Contemplative Pedagogy?

This blog will address a contemporary expose on “Contemplative Pedagogy” written by Peter Kaufman of the sociology department @ Suny New Paltz, USA. Professor Kaufman asserts that there is a need to synthesize Contemplation with a critical pedagogy, one that is devoted and directed towards radical social transformation. While he maintains that contemplation is an “inner-directed practice of helping students find balance and wholeness in their lives”, it also needs to be linked with a Critical pedagogy, one that is “generally viewed as a form of education that is outer-directed and attempts to foster radical social change.” We will argue that placing Contemplation in such a context holds it hostage to the radical agenda of socialized-propaganda whose mission is not to foster authentic-Contemplative awareness and development, but rather to create a churning-sea of mindless-monads who are at the beck and call of leftist-leaning agendas.

Professor Kaufman relays that “the contemplative pedagogy movement has only crystalized over the past five years or so,” but is reflective of a “wide diversity of practices” as portrayed in a Tree of Contemplative Practices as offered by the Center for Contemplative Mind in Society:

The tree does convey some of the wonderful fruits that can be produced from seeds of Contemplation, most notably meditation, silence, quieting the mind; spiritual movement such as Qigong, walking meditation and Labyrinth walking, Aikido; creative journaling and music composition (one could also add here YouTube-Creation), and contemplative expression through other art forms. Yet, out of all these contemplative-born marvels, the professor chooses to focus exclusively on one branch of the tree: social justice activism. He places a high premium high and above any other factor on this activist position:

How are meditation, yoga, and other contemplative practices going to help bring about the revolution? Don’t we need students getting out of their seats and into the streets? What good is it to have them sitting quietly and calmly in the secluded environs of the classroom when there is so much injustice and oppression in the world?

The proverbial cat is out of the bag with his dominant assertion of “bringing about the revolution by getting out into the streets.” He asserts that we do not live within “our own little bubble”, but are called to provide for the needs of others. While there is some truth in this assertion, it does fall flat when considering authentic Contemplative Traditions wherein the fruit of altruism is the natural outcome of contemplative growth, and not by jettisoning this gradual and nurturing aspect by trampling upon it in the streets of oftentimes violent insurgencies.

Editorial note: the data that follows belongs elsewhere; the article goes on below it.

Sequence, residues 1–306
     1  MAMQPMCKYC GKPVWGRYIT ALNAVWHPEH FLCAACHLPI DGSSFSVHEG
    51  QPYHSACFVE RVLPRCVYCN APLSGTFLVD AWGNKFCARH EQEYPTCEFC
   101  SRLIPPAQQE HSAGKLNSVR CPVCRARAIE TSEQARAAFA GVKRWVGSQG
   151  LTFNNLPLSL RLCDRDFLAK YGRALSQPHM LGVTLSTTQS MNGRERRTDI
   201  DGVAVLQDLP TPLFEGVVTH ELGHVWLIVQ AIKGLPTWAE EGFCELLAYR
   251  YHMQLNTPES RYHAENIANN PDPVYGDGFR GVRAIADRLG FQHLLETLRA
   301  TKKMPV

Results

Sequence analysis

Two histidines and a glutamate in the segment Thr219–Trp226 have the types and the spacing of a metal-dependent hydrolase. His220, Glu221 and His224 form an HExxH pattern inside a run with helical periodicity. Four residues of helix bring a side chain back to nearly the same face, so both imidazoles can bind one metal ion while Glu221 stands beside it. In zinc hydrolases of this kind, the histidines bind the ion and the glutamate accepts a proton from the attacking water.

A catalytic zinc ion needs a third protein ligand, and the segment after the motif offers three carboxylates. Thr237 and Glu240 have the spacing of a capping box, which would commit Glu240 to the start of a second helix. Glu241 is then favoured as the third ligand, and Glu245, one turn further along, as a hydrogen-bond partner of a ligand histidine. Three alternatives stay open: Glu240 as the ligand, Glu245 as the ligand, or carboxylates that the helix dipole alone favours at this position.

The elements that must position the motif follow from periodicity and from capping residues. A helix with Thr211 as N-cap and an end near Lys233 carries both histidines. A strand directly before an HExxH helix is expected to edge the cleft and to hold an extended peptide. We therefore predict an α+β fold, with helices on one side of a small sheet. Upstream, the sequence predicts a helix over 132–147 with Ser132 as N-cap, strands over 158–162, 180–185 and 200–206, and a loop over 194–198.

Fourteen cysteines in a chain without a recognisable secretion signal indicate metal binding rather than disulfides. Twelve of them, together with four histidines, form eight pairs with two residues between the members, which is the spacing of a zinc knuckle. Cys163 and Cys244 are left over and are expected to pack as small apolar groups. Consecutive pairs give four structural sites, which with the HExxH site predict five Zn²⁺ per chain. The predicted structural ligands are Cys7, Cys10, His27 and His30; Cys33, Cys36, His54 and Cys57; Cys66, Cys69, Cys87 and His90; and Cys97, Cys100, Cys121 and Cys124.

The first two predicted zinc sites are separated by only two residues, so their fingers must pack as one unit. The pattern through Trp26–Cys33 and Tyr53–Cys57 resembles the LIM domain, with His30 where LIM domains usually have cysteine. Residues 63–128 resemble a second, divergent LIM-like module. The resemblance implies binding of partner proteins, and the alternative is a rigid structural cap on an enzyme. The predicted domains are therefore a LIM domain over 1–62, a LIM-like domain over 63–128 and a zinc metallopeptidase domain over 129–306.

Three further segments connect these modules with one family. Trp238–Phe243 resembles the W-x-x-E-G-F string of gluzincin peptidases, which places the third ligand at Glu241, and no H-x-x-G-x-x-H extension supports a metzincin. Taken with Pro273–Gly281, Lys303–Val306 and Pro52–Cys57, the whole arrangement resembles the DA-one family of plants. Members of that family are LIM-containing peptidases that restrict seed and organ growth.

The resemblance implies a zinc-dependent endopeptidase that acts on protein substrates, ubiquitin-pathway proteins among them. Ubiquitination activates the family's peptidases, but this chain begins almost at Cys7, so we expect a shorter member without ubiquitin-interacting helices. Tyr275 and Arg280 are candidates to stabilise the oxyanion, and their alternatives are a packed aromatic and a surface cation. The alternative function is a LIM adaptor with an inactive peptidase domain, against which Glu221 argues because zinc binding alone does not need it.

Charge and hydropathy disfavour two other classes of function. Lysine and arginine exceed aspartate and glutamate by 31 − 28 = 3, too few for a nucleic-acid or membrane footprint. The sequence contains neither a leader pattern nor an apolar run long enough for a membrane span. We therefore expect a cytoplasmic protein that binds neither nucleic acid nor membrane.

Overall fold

The following extract from Professor Kaufman’s expose reveals the crux of the issue at hand:

Moreover, as should be evident by now, there is a synergy between   contemplative and critical pedagogies. By engaging in both practices simultaneously, students and faculty alike have a greater sense of sincerity and a genuine commitment to both personal and social transformation.

Within Unborn Mind Zen we know that such notions as “personal” are in reality superficial and collective constructs of the five skandhas: form, sensation, thought, volition, mortal consciousness; and that when these aggregates are disbanded there is “no person”, or for that matter, some collective body of “persons” (a social collective). Is it no wonder then that “personal and social transformation” is a misnomer that actually begins to voraciously feed upon itself since there is no real substance behind all the hullabaloo? The professor ought to also take to heart his quote from Freire’s Pedagogy of the Oppressed, who “writes that his greatest concern is that the oppressed will break free from their shackles of oppression only to become the latest generation of oppressors.” Can one imagine a greater self-fulfilling prophecy which is presently a clear and present danger?

One element that the Tree of Contemplative Practices neglected to include is that of “Infused Contemplation”:

The high order of Infused Contemplation means being stripped naked of all phenomena and what is left is the all-piercing awareness of the Absolute AS Absolute—undivided and devoid of all secondary characteristics…

In this Absolute Contemplation the Unborn is experienced devoid of all conceptual constructs, in a total darkness that is beyond what the weary imagination attempts to fashion. The Actual Self can only be discerned in an intuitive darkness.

Infused Contemplation is a passive one, devoid as it is of all action thus opening itself to the movement of the primordial spirit. It’s a self-emptying in order to be filled with the Absolute Fullness of the Unborn. Pure Contemplatives, therefore, live a life of total solitude in the dark silence of the Great Void that is devoid of all defiling characteristics.

On the other hand, all that Contemplative Pedagogy leads to is creating an artificial void that is filled with the agenda of social transformation. A Bodhisattva is not a social justice warrior, but an Authentic Contemplative that renounces the illusory and seeks fulfillment solely in the Unborn. As the highlighted series also specifies:

Above all a True Contemplative is never a materialist or sensationalist. Rather one is of a sober-mentality and even an obscurity in the eyes of the world.

This is indeed a sobering reflection, rather than throwing the term “contemplation” around willy-nilly that will eventually be consumed with the agenda of the nihilist-revolutionary. Stop. Reflect. Turn-About. Recollect. Nothing binds you. You are a child of the Unborn and the freedom of the Other Shore is at hand. (Dhammapada in Light of the Unborn.)

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